Where do microgrids fit into the Obama administrations new plan to reduce carbon dioxide emissions? Its not clear and some are wondering why.
I find the draft regulations to be written in a vacuum, as if the electricity/utility industry were not undergoing fundamental, lasting change. There is really no mention of this whatsoever, said Dan Delurey, executive director of the Microgrid Alliance.
The Environmental Protection Agency on June 2 released the United States first- ever rule to reduce carbon dioxide emissions from existing power plants. Still in draft form, the rule calls for a 30 percent reduction by 2030. States must create plans to meet the requirement.
Energy efficiency has won a lot of attention as one of the four key building blocks in the federal plan. In fact, the words energy efficiency appeared 227 times in the 645-page EPA proposal, according to Opower.
The number of microgrid mentions? Zero even though advanced microgrids are a low-carbon energy resource.
To be fair, microgrids have only recently become a hot technology (although theyve been around for decades.)
And its important to note that while microgrids are not mentioned by name, the pieces that make up a microgrid can be found in the EPA proposal.
I think that the immediate takeaway for microgrids is that there is a huge opportunity, but that we need to make sure that states focus on microgrids in the planning process, said C. Baird Brown, a partner at Drinker Biddle & Reath and counsel to the Microgrid Resources Coalition.
Brown said that the measures commended by the EPA include:
Demand-side energy efficiency programs
Switching to natural gas
Energy storage technology
Our job is to highlight that a combination of all of the above with smart controls (a microgrid) does a better job than doing them individually and also makes the grid more efficient, Brown said.
States will play a key role in determining the right carbon-reducing mix of electric resources within their borders. The draft rule requires that by June 30, 2016 they file state implementation plans (with possible two-year extensions.) Separately, several states are looking at policies to encourage microgrids to avert power outages. It is possible that the two efforts will dovetail.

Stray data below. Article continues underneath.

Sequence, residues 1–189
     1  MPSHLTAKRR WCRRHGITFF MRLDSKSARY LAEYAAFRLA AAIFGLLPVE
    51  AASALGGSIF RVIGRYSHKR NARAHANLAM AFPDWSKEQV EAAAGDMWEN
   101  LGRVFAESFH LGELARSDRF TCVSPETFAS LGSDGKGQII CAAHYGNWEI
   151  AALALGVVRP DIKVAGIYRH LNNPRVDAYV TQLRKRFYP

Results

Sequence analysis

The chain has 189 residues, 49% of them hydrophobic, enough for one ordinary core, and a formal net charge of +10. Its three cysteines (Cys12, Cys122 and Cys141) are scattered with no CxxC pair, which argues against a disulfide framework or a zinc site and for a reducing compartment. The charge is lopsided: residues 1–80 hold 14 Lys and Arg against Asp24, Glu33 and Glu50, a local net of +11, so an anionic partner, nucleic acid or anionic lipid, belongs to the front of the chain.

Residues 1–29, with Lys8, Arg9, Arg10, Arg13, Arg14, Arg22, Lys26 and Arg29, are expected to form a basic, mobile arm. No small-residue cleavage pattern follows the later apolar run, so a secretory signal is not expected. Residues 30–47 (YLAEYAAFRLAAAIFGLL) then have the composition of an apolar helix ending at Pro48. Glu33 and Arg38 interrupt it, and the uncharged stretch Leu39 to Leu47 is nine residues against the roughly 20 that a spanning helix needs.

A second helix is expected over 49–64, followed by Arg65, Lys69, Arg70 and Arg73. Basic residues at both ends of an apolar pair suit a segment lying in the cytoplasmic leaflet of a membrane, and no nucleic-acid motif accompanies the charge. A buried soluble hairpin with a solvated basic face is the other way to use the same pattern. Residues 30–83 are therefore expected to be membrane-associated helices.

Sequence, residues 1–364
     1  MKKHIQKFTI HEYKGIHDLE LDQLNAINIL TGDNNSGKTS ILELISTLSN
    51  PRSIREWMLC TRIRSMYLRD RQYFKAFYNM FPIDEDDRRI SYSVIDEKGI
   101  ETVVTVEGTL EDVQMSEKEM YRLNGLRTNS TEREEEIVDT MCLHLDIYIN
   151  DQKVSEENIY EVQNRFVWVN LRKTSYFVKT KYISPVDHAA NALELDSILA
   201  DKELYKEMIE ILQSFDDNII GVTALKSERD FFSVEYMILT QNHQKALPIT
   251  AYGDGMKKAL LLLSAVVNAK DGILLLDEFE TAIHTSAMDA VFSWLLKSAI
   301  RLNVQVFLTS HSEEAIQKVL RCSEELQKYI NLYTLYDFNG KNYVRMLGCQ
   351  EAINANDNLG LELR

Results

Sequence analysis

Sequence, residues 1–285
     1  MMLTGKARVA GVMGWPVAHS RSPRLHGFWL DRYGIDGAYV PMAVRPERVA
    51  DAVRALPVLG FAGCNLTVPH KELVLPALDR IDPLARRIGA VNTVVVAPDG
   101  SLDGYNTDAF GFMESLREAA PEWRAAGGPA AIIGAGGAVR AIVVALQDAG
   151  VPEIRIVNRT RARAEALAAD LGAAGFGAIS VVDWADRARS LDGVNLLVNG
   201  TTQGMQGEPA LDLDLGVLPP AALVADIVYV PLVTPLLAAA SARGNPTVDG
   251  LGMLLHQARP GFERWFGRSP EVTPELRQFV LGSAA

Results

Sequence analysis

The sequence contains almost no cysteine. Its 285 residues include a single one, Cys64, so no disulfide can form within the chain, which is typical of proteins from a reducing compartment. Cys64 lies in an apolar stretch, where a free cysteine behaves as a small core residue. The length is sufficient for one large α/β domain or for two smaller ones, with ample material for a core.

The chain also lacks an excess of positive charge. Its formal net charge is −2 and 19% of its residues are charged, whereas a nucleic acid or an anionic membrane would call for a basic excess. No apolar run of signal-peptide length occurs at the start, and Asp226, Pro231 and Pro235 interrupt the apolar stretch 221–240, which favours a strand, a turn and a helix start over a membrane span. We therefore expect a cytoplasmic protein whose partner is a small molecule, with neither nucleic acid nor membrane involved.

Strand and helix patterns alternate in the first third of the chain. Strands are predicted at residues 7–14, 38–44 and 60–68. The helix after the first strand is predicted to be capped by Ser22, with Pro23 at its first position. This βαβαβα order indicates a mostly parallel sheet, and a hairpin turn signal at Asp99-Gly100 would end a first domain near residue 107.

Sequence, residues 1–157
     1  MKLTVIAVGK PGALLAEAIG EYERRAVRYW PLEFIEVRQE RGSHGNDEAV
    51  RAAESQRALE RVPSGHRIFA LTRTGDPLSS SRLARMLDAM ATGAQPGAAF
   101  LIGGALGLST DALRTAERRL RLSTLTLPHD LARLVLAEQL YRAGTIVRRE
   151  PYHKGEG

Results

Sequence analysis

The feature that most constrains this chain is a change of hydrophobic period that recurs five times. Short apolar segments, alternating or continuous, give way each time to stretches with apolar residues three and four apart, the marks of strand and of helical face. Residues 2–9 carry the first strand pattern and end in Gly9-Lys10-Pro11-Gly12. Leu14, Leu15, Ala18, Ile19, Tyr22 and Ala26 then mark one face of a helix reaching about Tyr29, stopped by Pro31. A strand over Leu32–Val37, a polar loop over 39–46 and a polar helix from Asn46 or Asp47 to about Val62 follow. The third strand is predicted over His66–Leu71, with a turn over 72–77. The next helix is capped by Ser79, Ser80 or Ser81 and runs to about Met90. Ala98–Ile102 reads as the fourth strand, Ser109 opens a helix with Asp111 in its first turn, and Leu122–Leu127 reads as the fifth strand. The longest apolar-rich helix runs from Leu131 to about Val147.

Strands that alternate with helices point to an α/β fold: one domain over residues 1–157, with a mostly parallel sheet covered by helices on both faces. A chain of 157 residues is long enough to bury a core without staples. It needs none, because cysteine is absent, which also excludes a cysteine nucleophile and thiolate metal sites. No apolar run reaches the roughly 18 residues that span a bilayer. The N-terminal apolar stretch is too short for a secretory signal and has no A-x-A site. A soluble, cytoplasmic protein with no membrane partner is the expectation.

Given the overall thrust of the proposed rule to allow flexibility in compliance and the nature of the options outlined, the rule certainly would create opportunities for microgrids to contribute strategically to cost-effective solutions for achieving EPAs greenhouse gas emissions reductions, said Larisa Dobriansky, General MicroGrids senior vice president for legal, regulatory and policy affairs.
Combined heat and power, an efficiency play used by many microgrids, is discussed within the draft rule. Advocates of this approach see a clear place for CHP and related district energy in the state plans, especially where solar and wind resources are marginal.
With efficiency now properly recognized, microgrids that feature district energy/CHP will be highly prized to deliver not just reliable power and heat 24/7, but also for their balancing capacity and other ancillary services that augment and supplement integration of renewable and intermittent sources, said Robert Thornton, president & CEO of the International District Energy Association.
The bottom line for microgrids? As it now stands, the EPA rule certainly furthers the industrys prospects. But microgrids will compete against a lot of other resources for position in the state plans.
The regulations could very likely create a great opportunity for microgrids, but it will not come automatically, Delurey said. It will have to be created through education of both federal and state policymakers.
Source: Energy Efficiency Markets.com
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